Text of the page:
(iii) If an airframe, aircraft engine, propeller, or appliance, give the manufacturer’s name, name of the part, model, and serial numbers (if any); and

(43) Include, as part of the approval for return to service,  the following or a similarly worded statement—

“The aircraft, airframe, aircraft engine, propeller, or appliance identified above was repaired and inspected in accordance with current Regulations of the Federal Aviation Agency and is approved for return to service.

Pertinent details of the repair are on file at this repair station under Order No. ___,


For signature of authorized representative)

Repair station name)      (Certificate No.)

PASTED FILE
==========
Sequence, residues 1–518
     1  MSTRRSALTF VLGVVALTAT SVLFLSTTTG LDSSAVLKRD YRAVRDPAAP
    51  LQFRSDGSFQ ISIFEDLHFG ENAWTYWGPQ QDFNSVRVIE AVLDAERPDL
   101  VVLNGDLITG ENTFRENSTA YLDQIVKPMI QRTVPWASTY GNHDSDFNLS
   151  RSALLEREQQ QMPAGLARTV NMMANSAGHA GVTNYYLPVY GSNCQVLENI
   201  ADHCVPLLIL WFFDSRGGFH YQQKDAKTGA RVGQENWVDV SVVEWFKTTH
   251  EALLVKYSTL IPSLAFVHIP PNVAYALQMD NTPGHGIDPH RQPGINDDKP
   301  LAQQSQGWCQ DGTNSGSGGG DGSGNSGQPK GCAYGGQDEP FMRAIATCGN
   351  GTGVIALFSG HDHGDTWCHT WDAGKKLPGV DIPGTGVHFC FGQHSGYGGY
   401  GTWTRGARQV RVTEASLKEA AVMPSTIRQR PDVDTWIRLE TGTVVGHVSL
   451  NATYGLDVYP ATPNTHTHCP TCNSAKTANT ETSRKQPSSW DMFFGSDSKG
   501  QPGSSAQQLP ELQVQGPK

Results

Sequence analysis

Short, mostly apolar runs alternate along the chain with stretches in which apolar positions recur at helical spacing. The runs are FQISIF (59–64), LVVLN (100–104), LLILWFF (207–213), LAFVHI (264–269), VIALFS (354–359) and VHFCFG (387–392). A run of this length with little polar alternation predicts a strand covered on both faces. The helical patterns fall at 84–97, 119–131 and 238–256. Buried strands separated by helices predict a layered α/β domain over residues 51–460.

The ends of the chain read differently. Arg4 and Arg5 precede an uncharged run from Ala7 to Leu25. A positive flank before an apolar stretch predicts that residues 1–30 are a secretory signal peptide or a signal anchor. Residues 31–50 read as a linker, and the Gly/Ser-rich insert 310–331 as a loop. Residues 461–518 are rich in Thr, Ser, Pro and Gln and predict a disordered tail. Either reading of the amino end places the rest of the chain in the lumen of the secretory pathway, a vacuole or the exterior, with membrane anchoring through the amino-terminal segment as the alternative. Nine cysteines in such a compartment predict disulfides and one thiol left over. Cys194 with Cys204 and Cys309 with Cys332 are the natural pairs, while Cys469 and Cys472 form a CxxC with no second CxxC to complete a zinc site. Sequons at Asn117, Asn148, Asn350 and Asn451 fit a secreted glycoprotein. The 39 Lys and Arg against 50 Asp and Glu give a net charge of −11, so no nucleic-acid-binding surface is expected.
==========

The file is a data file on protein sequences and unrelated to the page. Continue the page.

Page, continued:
Reducing redundancies in paperwork is a great idea; but right now, the industry recognizes the 8130-3 tag as a standard method for recording maintenance and for approving it for return to service.  The proposed language of the regulation, which would require the approval for return to service to be listed on the Work Order, would change this and would require distributors and others to become trained in the recognition of appropriate language on a diverse collection of Work Order formats.  This sort of reduction in uniformity would actually decrease safety by making it more likely that unusual language in a Work Order could confuse a receiving inspector in a distributor or operator environment as to the true nature and scope of the approval for return to service.  While we applaud the idea of conflating the approval for return to service and the maintenance release, we ask that the FAA carefully draft the language to ensure that industry standard practices, like use of the 8130-3 tag for approval for return to service for component work, can continue to remain in place.